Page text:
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Dr Andrea Ruddick

Dr Andrea Ruddick

Teaching Associate in British Economic and Social History, 1050-1500


Biography:

Andrea Ruddick studied History as an undergraduate at Pembroke College, Cambridge, before continuing there as a postgraduate, completing a PhD on English national identity in the 14th century in 2005. She then held a British Academy Postdoctoral Fellowship, based at the Faculty of History in Cambridge. This resulted in a monograph, English Identity and Political Culture in the Fourteenth Century (Cambridge University Press, 2013), in the Cambridge Studies in Medieval Life and Thought series. She has since worked at the Faculty of History at Cambridge as an Affiliated Lecturer and a Research Associate, at the University of York as part of the AHRC-funded England’s Immigrants 1330-1550 project on resident aliens in late medieval England, and most recently at Exeter College, Oxford, as a Lecturer in Medieval History. She has been a Fellow of the Royal Historical Society since 2014.

Subject groups/Research projects

Ancient and Medieval History:

Research Interests

Dr Ruddick's main research interests are in late medieval British political, ecclesiastical and cultural history, c. 1200-1500. She is particularly interested in the intersection between national, political and ethnic identities in England and the king of England’s wider dominions in a period in which all English people were subjects of the king of England, but not all subjects of the king of England were English.

Other current research interests include: the experience of resident aliens and immigrants in English society; the Council of Constance; treason and nationality; and the role of the English clergy in local social and political networks. She is currently working on a volume of sources in translation giving English perspectives on ethnicity, identity and politics in the late medieval British Isles. She also has a growing interest in the use of concepts in medieval political history, particularly the problems of terminology – medieval and modern – relating to ‘national identity’ in the pre-modern period.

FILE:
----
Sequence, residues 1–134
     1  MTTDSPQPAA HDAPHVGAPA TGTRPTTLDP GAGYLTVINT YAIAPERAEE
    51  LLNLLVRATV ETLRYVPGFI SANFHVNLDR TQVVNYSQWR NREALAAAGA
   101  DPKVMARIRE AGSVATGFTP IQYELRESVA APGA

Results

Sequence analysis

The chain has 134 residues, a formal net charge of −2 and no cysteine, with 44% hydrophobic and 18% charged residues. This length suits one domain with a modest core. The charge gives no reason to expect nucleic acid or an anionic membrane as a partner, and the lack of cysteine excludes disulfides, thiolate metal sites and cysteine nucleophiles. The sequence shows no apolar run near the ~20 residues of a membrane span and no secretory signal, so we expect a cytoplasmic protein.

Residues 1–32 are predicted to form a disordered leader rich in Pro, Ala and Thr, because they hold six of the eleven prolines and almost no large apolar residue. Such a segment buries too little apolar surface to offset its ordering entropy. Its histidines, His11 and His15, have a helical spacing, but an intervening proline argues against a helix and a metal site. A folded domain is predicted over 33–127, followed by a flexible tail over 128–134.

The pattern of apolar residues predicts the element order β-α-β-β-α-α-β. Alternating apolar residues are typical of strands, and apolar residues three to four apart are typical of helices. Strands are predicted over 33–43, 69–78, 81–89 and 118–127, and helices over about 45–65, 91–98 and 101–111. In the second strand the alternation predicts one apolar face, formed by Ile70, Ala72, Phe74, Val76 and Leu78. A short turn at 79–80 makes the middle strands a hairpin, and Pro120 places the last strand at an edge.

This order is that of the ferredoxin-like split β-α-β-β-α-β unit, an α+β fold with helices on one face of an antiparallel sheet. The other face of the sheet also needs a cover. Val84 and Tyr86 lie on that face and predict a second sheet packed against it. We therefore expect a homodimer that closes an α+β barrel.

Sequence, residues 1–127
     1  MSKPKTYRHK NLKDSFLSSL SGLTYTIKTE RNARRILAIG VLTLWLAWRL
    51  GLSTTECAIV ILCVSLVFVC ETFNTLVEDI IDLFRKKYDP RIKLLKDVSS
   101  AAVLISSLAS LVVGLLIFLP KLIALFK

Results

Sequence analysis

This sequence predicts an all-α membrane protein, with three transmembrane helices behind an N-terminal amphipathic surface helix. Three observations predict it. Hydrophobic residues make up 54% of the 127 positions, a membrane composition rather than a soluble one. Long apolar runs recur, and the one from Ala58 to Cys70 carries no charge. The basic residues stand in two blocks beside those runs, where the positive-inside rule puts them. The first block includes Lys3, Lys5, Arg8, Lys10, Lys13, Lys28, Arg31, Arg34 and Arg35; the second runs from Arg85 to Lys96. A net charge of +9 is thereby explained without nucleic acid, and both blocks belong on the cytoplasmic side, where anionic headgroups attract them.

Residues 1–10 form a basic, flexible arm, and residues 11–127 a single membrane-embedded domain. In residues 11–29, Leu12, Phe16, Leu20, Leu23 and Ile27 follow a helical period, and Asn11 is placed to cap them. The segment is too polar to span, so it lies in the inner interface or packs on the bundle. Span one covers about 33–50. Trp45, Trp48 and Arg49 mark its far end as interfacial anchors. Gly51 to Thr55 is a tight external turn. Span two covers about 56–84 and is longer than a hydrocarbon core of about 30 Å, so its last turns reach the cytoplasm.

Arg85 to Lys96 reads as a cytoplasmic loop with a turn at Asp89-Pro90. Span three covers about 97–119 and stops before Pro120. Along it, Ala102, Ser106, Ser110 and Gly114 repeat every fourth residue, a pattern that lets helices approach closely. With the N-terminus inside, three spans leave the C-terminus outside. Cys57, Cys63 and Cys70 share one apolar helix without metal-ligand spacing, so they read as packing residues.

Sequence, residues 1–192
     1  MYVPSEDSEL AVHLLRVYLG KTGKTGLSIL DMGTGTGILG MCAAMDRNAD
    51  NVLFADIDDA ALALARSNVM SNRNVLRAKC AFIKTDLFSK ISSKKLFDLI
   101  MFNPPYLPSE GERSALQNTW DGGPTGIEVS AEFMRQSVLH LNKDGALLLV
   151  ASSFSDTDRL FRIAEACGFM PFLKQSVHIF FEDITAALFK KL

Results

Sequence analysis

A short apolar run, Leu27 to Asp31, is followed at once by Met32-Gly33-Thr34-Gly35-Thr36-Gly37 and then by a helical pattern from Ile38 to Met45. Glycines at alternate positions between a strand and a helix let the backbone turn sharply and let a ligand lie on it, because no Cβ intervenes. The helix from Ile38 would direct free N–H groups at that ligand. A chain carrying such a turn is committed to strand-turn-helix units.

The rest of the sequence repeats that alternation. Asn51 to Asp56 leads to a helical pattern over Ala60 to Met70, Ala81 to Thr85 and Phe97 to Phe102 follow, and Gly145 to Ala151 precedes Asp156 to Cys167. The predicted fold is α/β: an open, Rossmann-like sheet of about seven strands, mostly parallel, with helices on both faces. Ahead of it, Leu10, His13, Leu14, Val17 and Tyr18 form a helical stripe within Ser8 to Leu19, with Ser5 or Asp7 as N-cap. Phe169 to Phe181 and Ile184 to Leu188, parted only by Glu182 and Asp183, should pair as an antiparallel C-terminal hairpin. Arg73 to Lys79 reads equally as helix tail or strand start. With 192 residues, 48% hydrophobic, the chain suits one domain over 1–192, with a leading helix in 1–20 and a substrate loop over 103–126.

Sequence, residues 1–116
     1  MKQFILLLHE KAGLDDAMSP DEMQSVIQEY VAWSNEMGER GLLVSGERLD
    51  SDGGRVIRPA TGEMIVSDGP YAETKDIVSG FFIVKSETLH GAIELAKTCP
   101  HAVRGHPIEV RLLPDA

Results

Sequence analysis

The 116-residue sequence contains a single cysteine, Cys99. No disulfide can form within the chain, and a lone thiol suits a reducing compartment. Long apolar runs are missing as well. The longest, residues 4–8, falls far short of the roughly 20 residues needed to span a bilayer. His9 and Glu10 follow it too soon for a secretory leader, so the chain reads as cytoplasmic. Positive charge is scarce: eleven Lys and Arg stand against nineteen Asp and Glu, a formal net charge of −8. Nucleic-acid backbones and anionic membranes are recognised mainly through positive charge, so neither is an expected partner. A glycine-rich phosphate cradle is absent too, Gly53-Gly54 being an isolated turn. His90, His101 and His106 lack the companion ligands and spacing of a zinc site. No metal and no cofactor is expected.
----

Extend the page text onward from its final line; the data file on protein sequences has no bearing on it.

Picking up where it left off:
Research Supervision

Dr Ruddick is happy to supervise undergraduate dissertations on a variety of late medieval British economic, social and political topics.

Teaching

Dr Ruddick is convenor of Paper 8 (British Economic and Social History, c. 1050-c.1500) and lectures in medieval British economic and social history.

Supervision:

  • British Economic and Social History, c.1050-c.1500 (Paper 8)
  • British Political History, 1050-1509 (Paper 3)
  • European History, c.900-c.1450 (Paper 14)

 

Keywords

  • Medieval British History
  • Economic, Social History

Key Publications

Book:

  • English identity and political culture in the fourteenth century (Cambridge: Cambridge University Press, 2013), Cambridge Studies in Medieval Life and Thought series.

Articles:

  • ‘Immigrants and Inter-Marriage in Late Medieval England’, in Resident Aliens in Later Medieval England, ed. N. McDonald, W.M. Ormrod & C. Taylor (Turnhout, 2018), pp.181-200.
  • ‘”Becoming English”: Nationality, Terminology, and Changing Sides in the Late Middle Ages’, Medieval Worlds 5 (2017), 57-69.
  • ‘The English “nation” and the Plantagenet “empire” at the Council of Constance’, in The Plantagenet empire, 1259-1453: Proceedings of 2014 Harlaxton Medieval Symposium, ed. P. Crooks, D. Green and M. Ormrod (Harlaxton Medieval Studies / Shaun Tyas, 2016), pp.109-27.
  • ‘Local politics and ecclesiastical patronage in gentry letters’, in Political society in later medieval England: A festschrift for Christine Carpenter, ed. B. Thompson and J. Watts (Woodbridge: Boydell, 2015), pp. 93-112.
  • ‘Gascony and the limits of British Isles history’ in Ireland and the English world in the late middle ages, ed. B. Smith (Basingstoke: Palgrave Macmillan, 2009), pp. 68-88.
  • ‘National sentiment and religious vocabulary in fourteenth-century England’, Journal of Ecclesiastical History, 60 (2009), 1-18.
  • ‘National and political identity in Anglo-Scottish relations, c. 1286-1377: a governmental perspective’ in England and Scotland in the fourteenth-century: new perspectives, ed. A. King and M. Penman (Woodbridge: Boydell, 2007), pp. 196-215.
  • 'Ethnic identity and political language in the King of England’s dominions: a fourteenth-century perspective’ in The Fifteenth Century VI: identity and insurgency in the late Middle Ages, ed. L. Clark (Woodbridge: Boydell, 2006), pp. 15-31.